For the half-year to 30 June 2014, the IPKat's regular team is supplemented by contributions from guest bloggers Alberto Bellan, Darren Meale and Nadia Zegze.

Two of our regular Kats are currently on blogging sabbaticals. They are David Brophy and Catherine Lee.

Friday, 15 June 2007

Friday frolics

Who would be your choice of fantasy WIPO director general? It's been a while since the IPKat has changed his Poll (see top of the left hand side bar on the Kat's current page), but this time around he has a critically important question and he'd love your opinion. Since many people have criticised the World Intellectual Property Organization (WIPO) over the years, the IPKat thought it might benefit from a change of image. What better way to achieve this than through appointing as its new Director General a fantasy character with impeccable intellectual property credentials: candidates on offer are James Bond, Mickey Mouse, Shamu, Asterix, Tintin (right), Snow White and The Cat in the Hat (left). Don't forget to vote: the future of IP lies in YOUR hands.


"AGIP Oman Office Temporarily Closed Due to Adverse Weather Conditions": the IPKat received notice yesterday that the Oman office of Abu-Ghazaleh Intellectual Property (AGIP) has been temporarily closed due to the recent adverse weather conditions in the country. The office will be reopened and fully operational on 16 June 2007.

Right: adverse weather - from Oman to Snowman?


NODUS - the East England-based group of IP enthusiasts which spontaneously erupted into life on World Intellectual Property Day, is holding an event of 12 July 2007 on the theme of "Where do we go from here?" This is a meeting on Thursday, 12 July 2007 at 4pm, held at law firm Freeth Cartwright's head office: Cumberland Court, 80 Mount Street, Nottingham NG1 6HH. Says solicitor Alex Newson:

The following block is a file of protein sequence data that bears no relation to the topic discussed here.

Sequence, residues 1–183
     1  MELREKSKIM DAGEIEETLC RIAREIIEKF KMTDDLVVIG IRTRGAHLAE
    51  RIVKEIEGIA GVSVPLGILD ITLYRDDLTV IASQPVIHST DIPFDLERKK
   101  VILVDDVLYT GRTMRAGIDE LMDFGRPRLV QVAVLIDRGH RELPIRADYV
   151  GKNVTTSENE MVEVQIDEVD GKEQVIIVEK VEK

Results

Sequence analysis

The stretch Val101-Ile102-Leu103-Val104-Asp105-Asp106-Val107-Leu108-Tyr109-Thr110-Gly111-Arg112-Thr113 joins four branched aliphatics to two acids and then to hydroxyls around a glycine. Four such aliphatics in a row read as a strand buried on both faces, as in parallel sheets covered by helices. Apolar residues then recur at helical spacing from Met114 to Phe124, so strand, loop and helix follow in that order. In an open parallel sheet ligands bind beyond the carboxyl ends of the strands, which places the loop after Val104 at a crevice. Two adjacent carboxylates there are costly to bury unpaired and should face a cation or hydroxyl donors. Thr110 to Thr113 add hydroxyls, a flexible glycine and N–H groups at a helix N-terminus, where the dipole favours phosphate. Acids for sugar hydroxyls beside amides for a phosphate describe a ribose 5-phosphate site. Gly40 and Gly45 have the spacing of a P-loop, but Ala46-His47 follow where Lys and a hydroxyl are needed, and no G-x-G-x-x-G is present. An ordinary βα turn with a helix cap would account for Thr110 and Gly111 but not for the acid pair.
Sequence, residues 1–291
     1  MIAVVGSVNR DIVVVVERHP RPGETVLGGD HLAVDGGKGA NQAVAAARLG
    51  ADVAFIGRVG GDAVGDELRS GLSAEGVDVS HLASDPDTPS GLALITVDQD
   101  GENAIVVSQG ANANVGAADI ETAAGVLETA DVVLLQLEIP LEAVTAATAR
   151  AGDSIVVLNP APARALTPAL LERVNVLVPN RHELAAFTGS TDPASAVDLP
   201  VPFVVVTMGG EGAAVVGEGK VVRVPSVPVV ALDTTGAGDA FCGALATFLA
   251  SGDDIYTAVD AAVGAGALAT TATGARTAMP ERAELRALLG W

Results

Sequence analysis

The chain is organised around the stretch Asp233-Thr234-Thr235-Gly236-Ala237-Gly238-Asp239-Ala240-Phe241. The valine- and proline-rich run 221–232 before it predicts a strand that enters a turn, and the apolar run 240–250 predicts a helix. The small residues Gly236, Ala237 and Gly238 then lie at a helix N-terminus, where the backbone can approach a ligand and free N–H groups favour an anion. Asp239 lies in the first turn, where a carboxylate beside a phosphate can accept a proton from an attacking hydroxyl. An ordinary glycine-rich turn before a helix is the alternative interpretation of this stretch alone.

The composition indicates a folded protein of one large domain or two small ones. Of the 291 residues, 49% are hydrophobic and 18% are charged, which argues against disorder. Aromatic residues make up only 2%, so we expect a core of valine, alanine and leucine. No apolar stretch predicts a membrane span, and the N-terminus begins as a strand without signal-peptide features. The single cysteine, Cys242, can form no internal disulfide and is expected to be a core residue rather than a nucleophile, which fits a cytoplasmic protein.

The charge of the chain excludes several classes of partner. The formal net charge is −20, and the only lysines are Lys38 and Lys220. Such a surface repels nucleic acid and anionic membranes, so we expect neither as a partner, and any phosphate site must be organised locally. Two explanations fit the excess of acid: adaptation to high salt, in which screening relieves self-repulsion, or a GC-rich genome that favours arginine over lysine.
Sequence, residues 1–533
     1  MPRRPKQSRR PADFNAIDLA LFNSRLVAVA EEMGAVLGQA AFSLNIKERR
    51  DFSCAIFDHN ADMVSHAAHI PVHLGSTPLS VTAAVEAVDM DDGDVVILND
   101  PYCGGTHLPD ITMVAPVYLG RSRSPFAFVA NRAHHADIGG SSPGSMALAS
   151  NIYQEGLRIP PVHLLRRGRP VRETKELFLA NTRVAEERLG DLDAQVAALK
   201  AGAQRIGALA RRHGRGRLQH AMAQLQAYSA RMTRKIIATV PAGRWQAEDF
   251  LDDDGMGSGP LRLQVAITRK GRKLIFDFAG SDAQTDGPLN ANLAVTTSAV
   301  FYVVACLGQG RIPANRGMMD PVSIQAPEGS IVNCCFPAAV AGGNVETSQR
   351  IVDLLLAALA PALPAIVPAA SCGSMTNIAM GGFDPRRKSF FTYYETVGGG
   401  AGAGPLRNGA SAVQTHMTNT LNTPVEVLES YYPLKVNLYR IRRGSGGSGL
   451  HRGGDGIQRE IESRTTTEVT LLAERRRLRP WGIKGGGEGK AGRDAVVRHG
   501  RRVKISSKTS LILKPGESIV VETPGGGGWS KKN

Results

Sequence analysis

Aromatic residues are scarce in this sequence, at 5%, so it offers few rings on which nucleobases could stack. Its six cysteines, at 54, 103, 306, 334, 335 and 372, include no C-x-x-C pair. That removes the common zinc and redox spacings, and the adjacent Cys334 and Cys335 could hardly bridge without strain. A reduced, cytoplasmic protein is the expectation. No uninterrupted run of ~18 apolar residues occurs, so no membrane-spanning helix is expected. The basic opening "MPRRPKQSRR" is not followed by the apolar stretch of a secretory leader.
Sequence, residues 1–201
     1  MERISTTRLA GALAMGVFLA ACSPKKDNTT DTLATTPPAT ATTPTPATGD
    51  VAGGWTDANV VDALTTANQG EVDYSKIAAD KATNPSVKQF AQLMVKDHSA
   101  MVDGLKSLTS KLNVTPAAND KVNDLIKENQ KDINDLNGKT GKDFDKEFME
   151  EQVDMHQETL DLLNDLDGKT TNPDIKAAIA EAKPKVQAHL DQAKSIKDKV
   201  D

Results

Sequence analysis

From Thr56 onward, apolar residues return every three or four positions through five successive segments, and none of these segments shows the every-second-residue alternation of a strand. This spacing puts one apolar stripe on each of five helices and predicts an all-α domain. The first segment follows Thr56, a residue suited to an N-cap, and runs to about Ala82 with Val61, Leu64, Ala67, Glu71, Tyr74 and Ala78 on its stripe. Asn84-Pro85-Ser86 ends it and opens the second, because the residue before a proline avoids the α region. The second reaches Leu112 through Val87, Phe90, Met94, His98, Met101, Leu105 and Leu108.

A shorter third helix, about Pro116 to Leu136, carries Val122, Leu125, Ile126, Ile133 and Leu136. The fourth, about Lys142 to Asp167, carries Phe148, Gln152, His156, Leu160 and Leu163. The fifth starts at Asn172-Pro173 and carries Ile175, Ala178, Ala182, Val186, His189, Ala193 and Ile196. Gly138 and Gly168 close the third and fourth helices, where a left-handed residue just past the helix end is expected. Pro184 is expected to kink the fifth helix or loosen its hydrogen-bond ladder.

"The main purpose of the event is to talk about where we take NODUS. We have also secured a speaker from the team promoting Nottingham as a science city - there's a lot of stuff going on with technology in this region that we all ought to know more about: this is a good reason for us as a collective of professionals to work together.

If you are an IP &IT professional based in the East Midlands and would like to attend, please confirm attendance by
emailing Dawn Anderson, who is doing the admin for the event. We are again asking for a £5 contribution from attendees.

Any queries to Dawn but please check this website first - this is how will communicate info primarily to keep the administrative burden to a minimum".

Above, left: The IPKat tried to get the wrinkles out of his £5 contribution, but the iron kept melting the screen of his computer ...


The IPKat's academic colleague and friend Caroline Wilson has sent him this link to an article by Rebecca Armstrong in The Independent on CAPTCHA. It says, in relevant part:

"There's a new way to combat internet fraud, prevent spam and keep online shopping secure. But your first impressions may be that it's not exactly high tech. It takes the form of a simple question: from a gallery of fluffy-animal snaps, can you tell which are cats and which are dogs?

... The dog/cat question is the latest example of a security device called a Captcha, a simple puzzle that usually takes the form of a string of distorted letters and numbers.

Captcha stands for Completely Automated Public Turing Test to Tell Computers and Humans Apart. The idea behind a Captcha is that users have to perform a task that is simple for a human but incredibly difficult for a computer. Distorting random letters and numbers makes them confusing to a computer but readable to the human eye. Regular web users will be familiar with Captchas, ... [which] are used as an additional gateway to passwords. ...

But as programs are written that can read heavily distorted codes, the distortions become even
more extreme. And as they do so, some of the Captchas are becoming too tricky for many humans to decipher at first attempt. ...

Right: cat-dog morph from iart3d.com

... Picture recognition is an increasingly popular alternative. People are asked to look at a grid of images and pick the ones that have something in common - straightforward for humans but impossible for computers, as it's difficult for computers to accurately classify images....

Most altruistic is a Microsoft research project called
Asirra - Animal Species Recognition for Restricting Access - that uses pictures of rescue-home dogs and cats from Petfinder.com. It asks you to click on the cats, rather than the shots of aardvarks, bears and dogs thrown in to baffle the computers. It also helps find homes for domestic animals - each image has a tag reading "adopt me" on it.

Although still in the "beta" testing stage, Asirra ... has the potential to change the way we stay secure online - and give animal lovers everywhere a dose of cuteness".


Wednesday was another big day for the IPKat's weblog: we welcomed 1,497 casual visitors in addition to our 1,046 (free) email subscribers. It was so nearly the magical figure of 1,500 ...

Once again, thank you so much for your interest and support for this blog. We really do appreciate it.

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